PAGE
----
Obesity rates are rising in several countries. Flickr photo/Keith McDuffee.
If we consulted the health statistics kept by the rich countries club, the Organization of Economic Cooperation and Development, the OECD, we might not be too surprised to find that the United States has the highest rate of obesity, at 30.6 percent. What country, would you guess, is number two? It’s Mexico, with an adult obesity rate of 23 percent.
That’s a new development on a couple of levels. It’s a sign of Mexico’s economic progress that the country is a member of the OECD. It is perhaps a symptom of that new found wealth that Mexicans are digging their graves with their knives and forks almost as fast as their NAFTA neighbors next door. The old verities about American obesity and immigrant health — that newcomers arrived slim and became fat after taking on the American way of eating — are falling by the wayside as obesity rates creep higher in “sending” countries.
A program I host on HITN TV, Destination Casa Blanca, took a look at obesity and Latinos in the United States. A stunning number of Latinos in the United States, from the Caribbean, Central America, and South America are obese or overweight, and their U.S.-born children are growing up with weight problems. On the first anniversary of Michelle Obama’s Let’s Move program, we asked, are the numbers moving in the right direction?
The short answer is … sorta. The rate of increase in weight problems has slowed. Schools are taking gradual steps toward improving the meals they serve, and including more physical education in the required curriculum. But the trends that push on weight problems have not changed: increasingly sedentary youth, the easy availability of highly caloric food, less walking and biking to school.
Pick up the paper, and you’ll see all kinds of solutions. Student market gardens have sprung up around the country. Cooking classes for kids seek to teach new food habits and deliver basic information on nutrition and healthy eating. However those programs are still pilots and experiments in most places, small-scale and low-impact in too many places. Away from the bib lettuce and kale is the real world of school systems struggling to keep unit costs for feeding students low. This results in chicken tenders, french fries, pizzas and soda.
Maria Gomez, executive director of Mary’s Center in Washington D.C., pointed out the association of a little more weight with success and affluence was one barrier to slimming down. Grandparents are happy to see fat babies. People new to the country who may have been food insecure back home, suddenly find they have access to more meat, more cheese, more cooking oil. More of everything, more often.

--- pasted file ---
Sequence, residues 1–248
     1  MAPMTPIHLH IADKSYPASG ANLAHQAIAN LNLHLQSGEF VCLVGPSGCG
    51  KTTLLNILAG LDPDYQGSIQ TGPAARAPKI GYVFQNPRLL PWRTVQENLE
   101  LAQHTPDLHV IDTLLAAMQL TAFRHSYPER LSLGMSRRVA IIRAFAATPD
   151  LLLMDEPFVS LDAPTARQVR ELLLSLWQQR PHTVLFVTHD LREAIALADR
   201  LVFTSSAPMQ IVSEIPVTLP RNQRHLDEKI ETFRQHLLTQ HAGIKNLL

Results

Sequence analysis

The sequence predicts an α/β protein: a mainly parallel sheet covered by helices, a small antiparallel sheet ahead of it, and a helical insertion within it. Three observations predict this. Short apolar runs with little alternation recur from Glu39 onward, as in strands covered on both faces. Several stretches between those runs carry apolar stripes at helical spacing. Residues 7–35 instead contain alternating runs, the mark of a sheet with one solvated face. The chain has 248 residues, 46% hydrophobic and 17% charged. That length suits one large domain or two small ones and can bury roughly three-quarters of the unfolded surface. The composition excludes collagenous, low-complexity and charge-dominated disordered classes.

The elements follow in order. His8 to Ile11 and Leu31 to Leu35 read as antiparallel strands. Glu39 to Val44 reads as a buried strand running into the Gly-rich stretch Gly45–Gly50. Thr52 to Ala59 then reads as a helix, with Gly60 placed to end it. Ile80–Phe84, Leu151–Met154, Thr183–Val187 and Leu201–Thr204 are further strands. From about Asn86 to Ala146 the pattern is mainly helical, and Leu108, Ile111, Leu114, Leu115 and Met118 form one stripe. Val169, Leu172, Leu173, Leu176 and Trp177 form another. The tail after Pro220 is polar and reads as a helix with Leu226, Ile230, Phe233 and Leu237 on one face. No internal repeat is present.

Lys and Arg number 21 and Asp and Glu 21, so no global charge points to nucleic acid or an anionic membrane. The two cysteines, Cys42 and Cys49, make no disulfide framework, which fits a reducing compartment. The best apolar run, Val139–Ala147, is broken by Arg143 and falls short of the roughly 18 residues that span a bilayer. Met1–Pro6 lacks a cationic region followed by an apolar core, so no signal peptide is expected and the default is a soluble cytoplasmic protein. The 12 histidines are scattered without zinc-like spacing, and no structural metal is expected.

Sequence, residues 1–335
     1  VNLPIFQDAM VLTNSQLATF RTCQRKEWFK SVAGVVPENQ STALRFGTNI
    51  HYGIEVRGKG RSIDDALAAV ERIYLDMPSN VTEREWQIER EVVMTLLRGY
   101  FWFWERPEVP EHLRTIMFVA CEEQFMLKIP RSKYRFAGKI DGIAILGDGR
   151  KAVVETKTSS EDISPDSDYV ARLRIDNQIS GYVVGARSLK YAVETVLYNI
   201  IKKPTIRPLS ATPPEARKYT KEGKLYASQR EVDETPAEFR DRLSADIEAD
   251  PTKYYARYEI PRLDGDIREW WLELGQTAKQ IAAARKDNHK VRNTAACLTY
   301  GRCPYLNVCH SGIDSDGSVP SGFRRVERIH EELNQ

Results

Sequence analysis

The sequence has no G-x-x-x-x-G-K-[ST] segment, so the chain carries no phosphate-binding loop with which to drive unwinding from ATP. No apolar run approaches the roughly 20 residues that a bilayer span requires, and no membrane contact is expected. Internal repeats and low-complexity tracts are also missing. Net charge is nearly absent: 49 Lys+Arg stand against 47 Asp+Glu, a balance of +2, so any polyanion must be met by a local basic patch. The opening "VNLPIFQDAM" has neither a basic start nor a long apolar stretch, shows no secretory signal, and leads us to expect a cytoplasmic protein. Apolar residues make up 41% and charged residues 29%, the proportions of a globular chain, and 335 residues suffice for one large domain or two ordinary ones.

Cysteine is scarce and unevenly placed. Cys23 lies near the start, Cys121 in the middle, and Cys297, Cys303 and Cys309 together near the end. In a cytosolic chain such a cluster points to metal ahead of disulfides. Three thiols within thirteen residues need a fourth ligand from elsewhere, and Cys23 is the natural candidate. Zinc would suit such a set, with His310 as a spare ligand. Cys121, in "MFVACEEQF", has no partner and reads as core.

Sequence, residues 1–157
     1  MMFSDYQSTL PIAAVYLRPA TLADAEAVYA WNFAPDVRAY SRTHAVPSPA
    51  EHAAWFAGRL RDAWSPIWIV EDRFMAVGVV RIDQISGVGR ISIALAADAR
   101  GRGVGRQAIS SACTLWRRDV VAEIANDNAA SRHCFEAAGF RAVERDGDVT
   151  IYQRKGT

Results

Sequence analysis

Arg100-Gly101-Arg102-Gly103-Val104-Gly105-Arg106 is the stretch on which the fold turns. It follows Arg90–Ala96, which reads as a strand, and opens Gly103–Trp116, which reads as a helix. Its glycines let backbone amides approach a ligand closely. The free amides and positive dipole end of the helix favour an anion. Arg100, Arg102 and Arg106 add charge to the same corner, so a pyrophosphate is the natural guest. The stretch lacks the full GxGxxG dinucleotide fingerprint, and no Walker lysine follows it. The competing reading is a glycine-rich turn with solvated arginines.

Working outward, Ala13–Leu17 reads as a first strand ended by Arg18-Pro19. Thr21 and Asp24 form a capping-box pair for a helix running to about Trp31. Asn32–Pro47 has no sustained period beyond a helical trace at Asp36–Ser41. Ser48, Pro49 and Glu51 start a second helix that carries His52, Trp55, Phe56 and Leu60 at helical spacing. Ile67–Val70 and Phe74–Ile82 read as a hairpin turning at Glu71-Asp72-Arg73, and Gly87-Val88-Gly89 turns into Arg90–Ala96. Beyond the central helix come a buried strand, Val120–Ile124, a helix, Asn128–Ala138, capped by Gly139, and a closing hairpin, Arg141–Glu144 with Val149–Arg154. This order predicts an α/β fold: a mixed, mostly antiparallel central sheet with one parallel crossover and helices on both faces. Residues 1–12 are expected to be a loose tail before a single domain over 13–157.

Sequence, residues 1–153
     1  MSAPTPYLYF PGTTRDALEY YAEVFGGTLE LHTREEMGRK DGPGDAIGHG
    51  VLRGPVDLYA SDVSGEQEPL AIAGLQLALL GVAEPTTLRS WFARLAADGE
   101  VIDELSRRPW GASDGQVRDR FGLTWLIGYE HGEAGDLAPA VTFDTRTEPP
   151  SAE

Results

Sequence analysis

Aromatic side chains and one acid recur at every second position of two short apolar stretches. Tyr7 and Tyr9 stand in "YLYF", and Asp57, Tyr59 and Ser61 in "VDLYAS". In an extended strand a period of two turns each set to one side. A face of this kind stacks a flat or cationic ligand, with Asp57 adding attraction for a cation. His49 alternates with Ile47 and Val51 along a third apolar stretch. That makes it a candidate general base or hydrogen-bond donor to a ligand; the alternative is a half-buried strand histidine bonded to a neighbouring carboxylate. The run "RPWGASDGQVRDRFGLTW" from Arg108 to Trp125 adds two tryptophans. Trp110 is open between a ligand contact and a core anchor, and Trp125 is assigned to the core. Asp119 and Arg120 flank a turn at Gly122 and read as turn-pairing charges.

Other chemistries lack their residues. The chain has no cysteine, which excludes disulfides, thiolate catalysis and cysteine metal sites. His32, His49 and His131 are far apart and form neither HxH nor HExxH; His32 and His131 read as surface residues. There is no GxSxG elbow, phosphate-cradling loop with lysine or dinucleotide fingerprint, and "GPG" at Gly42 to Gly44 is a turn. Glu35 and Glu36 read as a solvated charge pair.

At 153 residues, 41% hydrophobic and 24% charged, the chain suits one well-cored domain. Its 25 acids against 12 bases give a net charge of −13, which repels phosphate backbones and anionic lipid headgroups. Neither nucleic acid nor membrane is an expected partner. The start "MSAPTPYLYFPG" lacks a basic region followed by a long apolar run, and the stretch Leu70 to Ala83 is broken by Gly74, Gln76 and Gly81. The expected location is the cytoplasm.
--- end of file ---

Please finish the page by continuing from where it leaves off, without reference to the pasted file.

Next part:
Sin taxing soft drinks is smothered in the cradle every time it’s suggested. Watch closely as a long list of industry-sponsored organizations channel consumer anger at any attempts to create disincentives to drinking highly sweetened drinks. Notice also, the outraged housewife loading groceries on the checkout counter is never obese in the anti-tax commercials. Neither are her kids.
In China, 20 million people died from famine from 1959 to 1961. The number of obese Chinese grows 30 to 50 percent every year. Granted, that growth rate is based on a very small base. The vast majority of the country’s people are still what an American would call “thin.” But the lifestyle changes rocking China promise that rate of increase will continue, until the base isn’t so small any more.
Americans are already where the rest of the world is heading. It will be interesting to see if this country can start to solve the problem as the rest of the world realizes a sizable majority has a weight problem. At a time when the U.S. is wrestling with how to cover tens of millions currently uninsured and underinsured, the coming Latino weight boom is a particular challenge. Latinos in the United States face rapidly growing obesity and come from the demographic group with the lowest rates of health insurance.
The growing waistlines, and the growing Latino presence, will offer special challenges to an overburdened health system, as they loom larger in high-cost age cohorts. Today the largest single age group among Latinos is 0-5 years of age. A few decades down the road waits high rates of diabetes, hypertension, and other obesity-related conditions that could drive up the whole nation’s health care bill. Saving a few pounds now will save a lot more dollars later.
In the countries with fast-growing economies in Latin America, Asia, and Eastern Europe, millions are following Americans into massive waistlines and big threats to national health. One peculiar wrinkle sees food companies providing more and more fattening food, in more places, during more hours of the day, while the governments of these same countries run public service announcements over radio and television urging people to eat less and exercise. The public is in the middle and, for the moment, hearing the food company’s flashy advertising more clearly than it hears the bitter pill of exercise and healthy eating. Look out world –obesity is going to become one of the most frightening health crises of the 21st century.